Today marks the end of the first week of my second semester at the University of Calgary in Alberta, Canada. It also marks the end of the coldest week of my life as temperatures dropped to a high of NEGATIVE twenty-six degrees Fahrenheit, with wind chills making it feel like negative thirty. These temperatures made it difficult to leave the comforts of the dorms, unless it was through the use of the tunnels that run underground to certain classrooms on campus. However, the show must go on and like everyone else I went to school and braved the harsh weather. Since most of the classes this past week were on the syllabus or course outlines, there was very little homework so I got to spend some time relaxing and painting. I find that taking time for yourself to do things you love, even for just thirty minutes a week, can really help with the stress of school and being completely on your own in a different country. I think it particularly can help if you do these things in a spot you feel comfortable in or find beautiful. My first semester here was filled with homesickness and trying to adjust my relationships back home to my new life here, and while I used to paint a lot back in California I found it more calming than ever before. So I would advise anyone else on exchange to find something they love to do on their own to help, because new friends may be there for you but adjusting to being alone can be the hardest part.
Speaking of friends, to celebrate surviving the first week of school and the weather, a close group of us exchange students had a “family dinner”. Since most of my group is from Spain, we had a dinner that included tortilla, paella, and croquettes. It was nice to spend some quality time with friends from all different backgrounds, especially after three weeks of being apart. We shared stories about our winter breaks, reminisced about the previous semester, and made new memories over the most delicious food. While not all of our friends could attend the dinner, since some of them had to go home after only one semester abroad, we were able to facetime a few of them as we ate. This helped us feel like we were all together again, and we discussed plans to all meet up in Calgary later down the road. I never thought the friends I would make here would be some of the closest friends I have, but they have become one of my biggest support systems while away. Not to mention since everyone is in the same position, being far from home in another country, it made it easy to find things we all wanted to do or experience while here, which helped us bond.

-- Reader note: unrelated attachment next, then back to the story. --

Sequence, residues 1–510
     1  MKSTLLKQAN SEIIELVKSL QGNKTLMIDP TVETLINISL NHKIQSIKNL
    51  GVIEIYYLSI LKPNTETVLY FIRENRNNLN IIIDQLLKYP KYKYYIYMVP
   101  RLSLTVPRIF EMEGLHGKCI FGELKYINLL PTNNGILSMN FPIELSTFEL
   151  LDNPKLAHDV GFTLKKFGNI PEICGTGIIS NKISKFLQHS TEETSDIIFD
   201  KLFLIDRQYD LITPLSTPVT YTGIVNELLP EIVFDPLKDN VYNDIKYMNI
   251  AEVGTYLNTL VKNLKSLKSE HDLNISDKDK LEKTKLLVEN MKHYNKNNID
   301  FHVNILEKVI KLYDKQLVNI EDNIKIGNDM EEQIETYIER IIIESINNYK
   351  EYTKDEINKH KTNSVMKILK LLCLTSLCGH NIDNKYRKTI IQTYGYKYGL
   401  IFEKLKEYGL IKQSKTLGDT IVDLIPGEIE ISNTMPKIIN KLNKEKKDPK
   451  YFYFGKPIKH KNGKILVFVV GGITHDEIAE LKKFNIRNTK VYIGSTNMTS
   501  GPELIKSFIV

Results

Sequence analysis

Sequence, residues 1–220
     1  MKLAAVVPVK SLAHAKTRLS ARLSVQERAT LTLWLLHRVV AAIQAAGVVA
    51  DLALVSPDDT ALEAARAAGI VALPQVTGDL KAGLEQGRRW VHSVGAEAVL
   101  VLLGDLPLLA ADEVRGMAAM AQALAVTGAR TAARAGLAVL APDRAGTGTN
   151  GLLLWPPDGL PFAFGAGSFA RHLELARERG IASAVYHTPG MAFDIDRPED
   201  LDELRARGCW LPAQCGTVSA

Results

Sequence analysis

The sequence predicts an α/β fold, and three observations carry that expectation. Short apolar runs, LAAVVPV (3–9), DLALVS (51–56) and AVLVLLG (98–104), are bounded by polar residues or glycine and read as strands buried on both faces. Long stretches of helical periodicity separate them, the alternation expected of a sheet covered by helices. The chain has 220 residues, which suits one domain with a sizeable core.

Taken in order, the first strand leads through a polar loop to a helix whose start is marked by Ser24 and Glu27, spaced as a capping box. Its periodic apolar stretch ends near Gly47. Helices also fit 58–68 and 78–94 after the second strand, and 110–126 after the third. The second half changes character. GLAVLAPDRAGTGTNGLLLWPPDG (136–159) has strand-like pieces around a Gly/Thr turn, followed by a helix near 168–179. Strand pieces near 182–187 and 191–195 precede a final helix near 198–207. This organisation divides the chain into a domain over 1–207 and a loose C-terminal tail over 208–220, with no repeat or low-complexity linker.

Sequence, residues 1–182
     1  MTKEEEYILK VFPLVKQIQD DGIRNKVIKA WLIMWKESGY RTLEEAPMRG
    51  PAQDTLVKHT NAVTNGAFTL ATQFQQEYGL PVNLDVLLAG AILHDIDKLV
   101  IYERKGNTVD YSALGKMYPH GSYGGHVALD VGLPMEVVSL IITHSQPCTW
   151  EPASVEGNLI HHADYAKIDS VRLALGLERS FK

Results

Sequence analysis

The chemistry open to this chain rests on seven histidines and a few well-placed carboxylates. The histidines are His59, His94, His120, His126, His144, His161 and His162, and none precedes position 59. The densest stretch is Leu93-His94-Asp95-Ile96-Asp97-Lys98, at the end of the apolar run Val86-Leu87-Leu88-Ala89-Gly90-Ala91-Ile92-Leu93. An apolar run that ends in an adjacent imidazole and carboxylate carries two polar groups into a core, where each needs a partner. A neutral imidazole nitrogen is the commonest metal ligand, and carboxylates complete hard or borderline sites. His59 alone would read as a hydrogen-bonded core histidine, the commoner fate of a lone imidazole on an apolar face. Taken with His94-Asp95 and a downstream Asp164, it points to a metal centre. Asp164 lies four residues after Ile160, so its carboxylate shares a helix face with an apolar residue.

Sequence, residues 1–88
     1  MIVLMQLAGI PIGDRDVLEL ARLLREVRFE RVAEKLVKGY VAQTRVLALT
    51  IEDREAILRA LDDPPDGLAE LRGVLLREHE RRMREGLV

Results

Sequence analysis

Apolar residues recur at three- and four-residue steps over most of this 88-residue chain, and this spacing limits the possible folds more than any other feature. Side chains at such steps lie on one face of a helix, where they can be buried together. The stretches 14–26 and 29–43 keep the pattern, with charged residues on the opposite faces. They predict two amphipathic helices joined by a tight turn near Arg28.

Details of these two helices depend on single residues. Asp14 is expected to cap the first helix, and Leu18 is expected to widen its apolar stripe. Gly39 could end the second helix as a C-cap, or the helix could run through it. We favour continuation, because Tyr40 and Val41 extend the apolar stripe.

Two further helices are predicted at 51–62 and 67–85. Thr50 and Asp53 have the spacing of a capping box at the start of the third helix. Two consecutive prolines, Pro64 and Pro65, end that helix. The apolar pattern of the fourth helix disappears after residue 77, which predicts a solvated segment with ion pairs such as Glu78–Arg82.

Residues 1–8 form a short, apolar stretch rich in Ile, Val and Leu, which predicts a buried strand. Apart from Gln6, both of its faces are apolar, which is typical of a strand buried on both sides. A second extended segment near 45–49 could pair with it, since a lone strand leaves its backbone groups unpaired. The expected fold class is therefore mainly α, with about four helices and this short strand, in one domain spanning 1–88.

While the week ahead includes warmer weather, thank goodness, it also includes the start of real school work and readjusting to living in the city. I am hoping that I will be able to take pictures outside this week of my lovely campus and Calgary itself, since my phone won’t die from the negative temperatures. Many people may hate the cold and think living here would be an arctic hell, it is a beautiful place to spend the school year, and you honestly get used to the cold. Plus, with the Canadian Rockies only an hour drive away and the big city full of art while still maintaining a slower pace than any big city in the states, Calgary offers something for everyone. Also, as my spring break, or “reading break” approaches in February I will be giving advice on planning trips on a budget and with small or large groups of people. I have learned one of the hardest parts of planning trips, no matter how long or short, is trying to get everyone on the same page. Everyone has a different budget or idea of what is the best way to spend the holiday break, but if you ever hope to plan a trip you have to learn to compromise. This may seem simple, but compromising with a language barrier and different backgrounds can be different than doing it with your friends back home. While I may not be a master at traveling after just one semester abroad, I want to share what I’ve learned and share new tricks and tips along the way!
Submitted by Caleigh Nordan